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These Violent Delights: A Unique Ode to Shakespeare


Romeo and Juliet might be the most recognizable, if not one of the most well-known and well-remembered plays of William Shakespeare. Many of us have probably spent at least one high school English class reading and analyzing this play and everything in it — every stanza, every character, and every scene, all of which would have taken quite some time. There is no denying that Shakespeare is hard to tackle in any situation, whether that be through annotations, essays, or projects. But that is just what New Zealand author Chloe Gong manages to do in her debut novel and R&J retelling, cleverly titled These Violent Delights.

This certainly isn’t the first Shakespeare retelling to hit the market. Retellings are common in all forms of media, whether that be books or films. The 1999 cult classic film Clueless took its inspiration from Jane Austen’s Emma, and the teen romantic comedy 10 Things I Hate About You was based on The Taming of the Shrew, another Shakespeare play. Author Marissa Meyer’s best-selling The Lunar Chronicles follows various classic fairy tales like Cinderella, Red Riding Hood, Rapunzel, and Snow White, told in a sci-fi, dystopian setting. No matter the medium in which the story is being told, retellings certainly have their appeal. For people who don’t always want to Google certain words just to understand a book from the 16th century, retellings are a means of digesting material from classic literature in a way that might be seen as more entertaining and understandable.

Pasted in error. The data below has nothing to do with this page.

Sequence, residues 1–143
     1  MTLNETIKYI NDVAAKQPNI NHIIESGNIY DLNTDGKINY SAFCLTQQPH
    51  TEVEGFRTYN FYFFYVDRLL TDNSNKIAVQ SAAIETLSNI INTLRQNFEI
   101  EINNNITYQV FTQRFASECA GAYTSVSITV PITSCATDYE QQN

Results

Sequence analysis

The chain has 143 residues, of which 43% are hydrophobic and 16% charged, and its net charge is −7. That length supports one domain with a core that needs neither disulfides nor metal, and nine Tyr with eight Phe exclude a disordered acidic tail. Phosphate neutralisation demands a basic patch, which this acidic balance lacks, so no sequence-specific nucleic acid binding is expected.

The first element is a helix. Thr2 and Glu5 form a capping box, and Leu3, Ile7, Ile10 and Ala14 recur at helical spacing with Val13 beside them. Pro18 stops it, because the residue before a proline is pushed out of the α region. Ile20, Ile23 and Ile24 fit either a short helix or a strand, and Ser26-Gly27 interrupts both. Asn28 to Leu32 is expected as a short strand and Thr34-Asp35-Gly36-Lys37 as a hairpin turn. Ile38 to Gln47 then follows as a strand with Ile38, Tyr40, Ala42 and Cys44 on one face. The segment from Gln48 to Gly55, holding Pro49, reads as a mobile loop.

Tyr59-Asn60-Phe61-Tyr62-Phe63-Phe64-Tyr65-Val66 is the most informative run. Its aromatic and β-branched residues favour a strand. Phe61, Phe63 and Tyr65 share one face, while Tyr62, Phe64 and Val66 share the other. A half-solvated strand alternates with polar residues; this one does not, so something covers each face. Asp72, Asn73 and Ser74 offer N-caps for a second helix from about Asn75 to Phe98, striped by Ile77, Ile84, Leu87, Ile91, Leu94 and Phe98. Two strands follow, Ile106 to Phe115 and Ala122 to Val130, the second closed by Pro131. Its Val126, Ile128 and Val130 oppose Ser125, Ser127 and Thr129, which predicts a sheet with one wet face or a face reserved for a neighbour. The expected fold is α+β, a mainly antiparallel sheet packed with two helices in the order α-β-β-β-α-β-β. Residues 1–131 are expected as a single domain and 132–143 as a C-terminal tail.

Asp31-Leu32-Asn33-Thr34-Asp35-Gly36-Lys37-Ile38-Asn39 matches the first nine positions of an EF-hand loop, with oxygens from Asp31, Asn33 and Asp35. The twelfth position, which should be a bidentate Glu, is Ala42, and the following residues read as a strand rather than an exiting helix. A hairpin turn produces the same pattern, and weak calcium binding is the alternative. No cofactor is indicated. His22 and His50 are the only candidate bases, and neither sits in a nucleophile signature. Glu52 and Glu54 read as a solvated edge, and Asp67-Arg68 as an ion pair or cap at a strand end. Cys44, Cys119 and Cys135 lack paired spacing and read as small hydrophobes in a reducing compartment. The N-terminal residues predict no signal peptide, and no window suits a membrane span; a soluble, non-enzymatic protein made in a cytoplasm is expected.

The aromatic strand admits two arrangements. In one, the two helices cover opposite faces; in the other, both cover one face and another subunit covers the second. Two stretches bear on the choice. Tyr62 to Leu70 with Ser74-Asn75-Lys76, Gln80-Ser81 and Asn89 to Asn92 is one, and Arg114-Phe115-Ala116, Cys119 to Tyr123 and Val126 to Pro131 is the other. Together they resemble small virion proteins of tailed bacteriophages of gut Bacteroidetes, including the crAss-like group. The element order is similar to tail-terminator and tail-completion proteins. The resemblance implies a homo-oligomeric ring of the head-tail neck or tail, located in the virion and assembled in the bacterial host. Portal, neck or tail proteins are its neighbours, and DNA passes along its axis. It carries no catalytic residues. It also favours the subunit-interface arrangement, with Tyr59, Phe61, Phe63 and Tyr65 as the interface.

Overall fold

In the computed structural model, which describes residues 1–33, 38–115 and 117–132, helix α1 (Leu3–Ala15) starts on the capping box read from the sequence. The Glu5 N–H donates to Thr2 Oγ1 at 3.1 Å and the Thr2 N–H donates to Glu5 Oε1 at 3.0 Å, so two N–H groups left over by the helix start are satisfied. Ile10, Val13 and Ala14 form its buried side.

These Violent Delights certainly managed to be both of those things. Set in 1920s Shanghai, the book follows different versions of the iconic characters from the original play: Romeo Montague (now Roma Montagov, heir of the White Flowers, a Russian gang) and Juliette Capulet (now Juliette Cai, heir of the Scarlet Gang, based in China), the children of two rival gangs in the city. They also used to be in love, though that changed after an unspecified “betrayal.” After a mysterious entity begins to attack Shanghai, they are forced to work together to defeat it, as well as deal with their lingering feelings. Even though it does differ a lot from the original story, there are still a lot of clever nods to it that you might be able to spot if you read closely enough! The characters are also rather different from their Shakespeare counterparts; Roma is not the dreamy, lovestruck boy we all remember from the play, but a more conflicted, idealistic character wishing to please his family, and Juliette is not a childlike ingénue, but rather a more complex character, wishing to be seen as more competent due to her gender, among other things.

These Violent Delights was an enjoyable read, written so vividly that you almost think it’s a completely original work, and it definitely lives up to its hype! For lovers of action, romance, and classic literature, specifically Shakespeare, this is definitely a book to put on your list. If the premise already intrigues you, the sequel, Our Violent Ends, has also been published.